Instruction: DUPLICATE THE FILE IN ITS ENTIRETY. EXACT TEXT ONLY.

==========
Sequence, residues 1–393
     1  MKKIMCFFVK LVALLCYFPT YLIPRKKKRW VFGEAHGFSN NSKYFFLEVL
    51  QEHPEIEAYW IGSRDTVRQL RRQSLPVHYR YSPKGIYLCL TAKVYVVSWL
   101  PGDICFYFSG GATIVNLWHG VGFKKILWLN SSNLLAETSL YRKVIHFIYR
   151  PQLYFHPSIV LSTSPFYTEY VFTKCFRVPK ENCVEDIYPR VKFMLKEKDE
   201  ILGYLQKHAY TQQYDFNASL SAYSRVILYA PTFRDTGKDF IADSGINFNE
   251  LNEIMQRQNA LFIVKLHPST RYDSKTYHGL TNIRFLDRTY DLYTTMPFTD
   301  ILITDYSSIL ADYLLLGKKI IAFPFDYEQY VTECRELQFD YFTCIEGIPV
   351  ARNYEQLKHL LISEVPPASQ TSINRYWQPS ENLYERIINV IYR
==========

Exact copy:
Sequence, residues 1–393
     1  MKKIMCFFVK LVALLCYFPT YLIPRKKKRW VFGEAHGFSN NSKYFFLEVL
    51  QEHPEIEAYW IGSRDTVRQL RRQSLPVHYR YSPKGIYLCL TAKVYVVSWL
   101  PGDICFYFSG GATIVNLWHG VGFKKILWLN SSNLLAETSL YRKVIHFIYR
   151  PQLYFHPSIV LSTSPFYTEY VFTKCFRVPK ENCVEDIYPR VKFMLKEKDE
   201  ILGYLQKHAY TQQYDFNASL SAYSRVILYA PTFRDTGKDF IADSGINFNE
   251  LNEIMQRQNA LFIVKLHPST RYDSKTYHGL TNIRFLDRTY DLYTTMPFTD
   301  ILITDYSSIL ADYLLLGKKI IAFPFDYEQY VTECRELQFD YFTCIEGIPV
   351  ARNYEQLKHL LISEVPPASQ TSINRYWQPS ENLYERIINV IYR